George Osborne may have talked about job creation in his budget speech, but the real impact on families will be the 'pre-announced' tax and national insurance policies and decisions on Threadneedle Street
If George Osborne had set up not the Office of Tax Simplification but the Office of Budget Speech Simplification, maybe today he would have said: "There's no money left, so we have to raise taxes. But only the working and middle classes really pay up, so we've also raised VAT, and now we're going to hit you with more income tax, although we're calling it national insurance in the hope you won't notice.
"There's also 1p off a litre of unleaded from tonight, and a small bung on your income tax, but not for another year. Fight among yourselves over the fact that we're whipping child benefit and tax credits away from some of the slightly better-off among you. See you next year, got to go and close some schools, hospitals and libraries. Bye."
Instead we were treated to 55 minutes at the despatch box in which there was lots of talk of jobs, enterprise and growth. And just a brief mention of the fact that in 14 days national insurance will rise for millions of people, an extra 750,000 people will become higher rate taxpayers, and some tax credits will be withdrawn, with many families losing £545.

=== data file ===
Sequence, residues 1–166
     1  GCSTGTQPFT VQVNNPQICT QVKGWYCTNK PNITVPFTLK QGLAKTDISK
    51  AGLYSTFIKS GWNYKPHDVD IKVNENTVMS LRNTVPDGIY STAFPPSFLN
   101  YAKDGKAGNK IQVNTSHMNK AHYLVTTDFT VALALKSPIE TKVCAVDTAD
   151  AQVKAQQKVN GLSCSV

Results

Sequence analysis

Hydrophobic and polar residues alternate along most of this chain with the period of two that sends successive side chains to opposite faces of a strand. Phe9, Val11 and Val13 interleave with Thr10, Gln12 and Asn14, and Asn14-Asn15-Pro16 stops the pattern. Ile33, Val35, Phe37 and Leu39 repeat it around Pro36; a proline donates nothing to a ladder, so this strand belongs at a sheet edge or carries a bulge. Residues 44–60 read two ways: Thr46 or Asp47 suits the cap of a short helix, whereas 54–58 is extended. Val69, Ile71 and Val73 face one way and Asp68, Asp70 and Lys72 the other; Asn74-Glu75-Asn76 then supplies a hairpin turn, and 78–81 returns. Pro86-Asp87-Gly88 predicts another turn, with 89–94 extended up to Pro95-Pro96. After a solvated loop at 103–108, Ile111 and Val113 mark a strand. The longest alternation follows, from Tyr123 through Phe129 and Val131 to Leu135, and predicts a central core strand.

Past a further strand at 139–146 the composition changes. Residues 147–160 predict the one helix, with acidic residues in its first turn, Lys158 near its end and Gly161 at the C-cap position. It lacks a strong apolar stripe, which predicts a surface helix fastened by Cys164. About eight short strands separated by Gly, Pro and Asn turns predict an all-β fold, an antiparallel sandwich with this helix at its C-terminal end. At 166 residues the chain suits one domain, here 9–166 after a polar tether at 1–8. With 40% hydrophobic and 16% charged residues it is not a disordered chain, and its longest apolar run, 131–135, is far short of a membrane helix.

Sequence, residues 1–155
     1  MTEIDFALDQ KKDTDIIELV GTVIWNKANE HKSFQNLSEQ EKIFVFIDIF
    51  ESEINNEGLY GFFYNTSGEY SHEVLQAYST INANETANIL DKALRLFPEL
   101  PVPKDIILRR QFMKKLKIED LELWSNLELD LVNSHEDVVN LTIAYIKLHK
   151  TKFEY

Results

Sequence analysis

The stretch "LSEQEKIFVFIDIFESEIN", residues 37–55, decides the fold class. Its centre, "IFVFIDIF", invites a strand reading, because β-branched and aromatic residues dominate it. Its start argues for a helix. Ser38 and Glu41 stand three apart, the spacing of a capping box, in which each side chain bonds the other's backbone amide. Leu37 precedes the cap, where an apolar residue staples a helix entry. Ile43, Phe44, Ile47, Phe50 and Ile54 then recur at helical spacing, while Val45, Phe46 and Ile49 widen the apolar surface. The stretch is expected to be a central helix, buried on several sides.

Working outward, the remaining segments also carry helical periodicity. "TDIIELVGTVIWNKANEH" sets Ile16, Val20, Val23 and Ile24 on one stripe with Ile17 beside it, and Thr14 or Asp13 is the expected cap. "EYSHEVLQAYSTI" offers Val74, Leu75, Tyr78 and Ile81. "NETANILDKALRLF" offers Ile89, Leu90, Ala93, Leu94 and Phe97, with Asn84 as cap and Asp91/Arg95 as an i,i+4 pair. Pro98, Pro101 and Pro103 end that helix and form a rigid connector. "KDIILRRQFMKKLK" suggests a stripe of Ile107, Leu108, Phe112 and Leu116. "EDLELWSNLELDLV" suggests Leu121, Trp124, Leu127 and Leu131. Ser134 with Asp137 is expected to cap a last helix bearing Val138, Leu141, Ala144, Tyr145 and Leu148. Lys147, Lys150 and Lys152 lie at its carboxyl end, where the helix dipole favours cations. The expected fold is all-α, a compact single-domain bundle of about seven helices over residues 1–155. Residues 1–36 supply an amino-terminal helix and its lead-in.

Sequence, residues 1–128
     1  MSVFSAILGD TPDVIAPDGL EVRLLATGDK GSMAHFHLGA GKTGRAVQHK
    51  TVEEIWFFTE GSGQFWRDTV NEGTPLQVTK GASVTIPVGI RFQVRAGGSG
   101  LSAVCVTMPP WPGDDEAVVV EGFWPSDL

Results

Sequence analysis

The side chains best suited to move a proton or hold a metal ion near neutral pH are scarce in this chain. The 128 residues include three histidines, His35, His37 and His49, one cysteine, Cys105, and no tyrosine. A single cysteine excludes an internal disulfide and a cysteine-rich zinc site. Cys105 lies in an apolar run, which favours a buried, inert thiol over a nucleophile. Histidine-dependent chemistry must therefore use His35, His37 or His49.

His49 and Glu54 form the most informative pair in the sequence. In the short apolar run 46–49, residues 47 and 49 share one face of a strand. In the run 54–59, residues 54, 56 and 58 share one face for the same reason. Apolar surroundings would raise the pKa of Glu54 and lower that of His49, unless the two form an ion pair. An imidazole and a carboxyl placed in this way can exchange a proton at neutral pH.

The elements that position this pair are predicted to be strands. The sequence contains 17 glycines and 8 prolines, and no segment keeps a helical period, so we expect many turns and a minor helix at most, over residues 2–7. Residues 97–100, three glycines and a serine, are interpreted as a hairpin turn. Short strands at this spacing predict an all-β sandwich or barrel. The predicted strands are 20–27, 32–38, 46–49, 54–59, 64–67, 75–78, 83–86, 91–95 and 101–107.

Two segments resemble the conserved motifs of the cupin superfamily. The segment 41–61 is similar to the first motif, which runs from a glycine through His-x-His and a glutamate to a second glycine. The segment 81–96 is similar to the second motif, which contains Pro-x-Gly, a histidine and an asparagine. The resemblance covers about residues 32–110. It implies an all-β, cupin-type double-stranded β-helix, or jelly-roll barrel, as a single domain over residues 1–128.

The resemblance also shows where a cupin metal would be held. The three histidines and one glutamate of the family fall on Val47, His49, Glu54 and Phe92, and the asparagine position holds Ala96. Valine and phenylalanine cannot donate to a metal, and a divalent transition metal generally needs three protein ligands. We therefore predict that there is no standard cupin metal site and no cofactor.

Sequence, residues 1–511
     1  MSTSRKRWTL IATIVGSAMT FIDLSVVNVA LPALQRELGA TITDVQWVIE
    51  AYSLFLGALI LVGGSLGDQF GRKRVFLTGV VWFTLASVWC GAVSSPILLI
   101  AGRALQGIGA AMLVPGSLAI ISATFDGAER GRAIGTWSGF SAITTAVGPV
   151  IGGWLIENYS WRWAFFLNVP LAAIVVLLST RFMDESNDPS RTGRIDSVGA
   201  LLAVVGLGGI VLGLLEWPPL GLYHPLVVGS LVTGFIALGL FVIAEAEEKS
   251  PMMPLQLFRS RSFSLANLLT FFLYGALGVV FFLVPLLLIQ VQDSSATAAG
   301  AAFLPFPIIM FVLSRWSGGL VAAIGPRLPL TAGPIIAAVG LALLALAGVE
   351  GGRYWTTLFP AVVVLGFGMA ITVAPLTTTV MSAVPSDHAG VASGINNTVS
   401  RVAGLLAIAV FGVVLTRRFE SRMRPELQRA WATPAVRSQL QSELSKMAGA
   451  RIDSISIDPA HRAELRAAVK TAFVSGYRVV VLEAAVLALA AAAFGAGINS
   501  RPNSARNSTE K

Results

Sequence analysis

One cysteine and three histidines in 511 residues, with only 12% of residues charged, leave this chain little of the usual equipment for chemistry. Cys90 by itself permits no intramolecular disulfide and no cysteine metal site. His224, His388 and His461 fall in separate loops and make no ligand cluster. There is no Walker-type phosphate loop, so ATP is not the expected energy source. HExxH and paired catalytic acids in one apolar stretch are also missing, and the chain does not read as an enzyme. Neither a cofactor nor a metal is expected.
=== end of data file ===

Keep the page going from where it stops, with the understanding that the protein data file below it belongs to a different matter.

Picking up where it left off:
In fact, 6 April will see the start of possibly the biggest tax grab for more than a decade, but the chancellor couldn't quite bring himself to spell out the grisly details.
In a trend begun by Gordon Brown, but taken up with alacrity by Osborne, budget speeches rarely tell you just about the year ahead. Crowd pleasers (fuel tax giveaways, job creation programmes, the £630 rise in the personal allowance) are brought forward, while bad news has already been "pre-announced" and can be safely brushed under the carpet.
Meanwhile, in the real world of personal tax – what will actually happen to your wage packet next month – it's payback time after the billions spent rescuing the bankers and the economy from the financial crisis. Curiously, for a chancellor whose party in opposition decried the loss of the married couples allowance and stealth taxes on middle England, it is middle to higher income families with stay-at-home mums who will feel the squeeze hardest.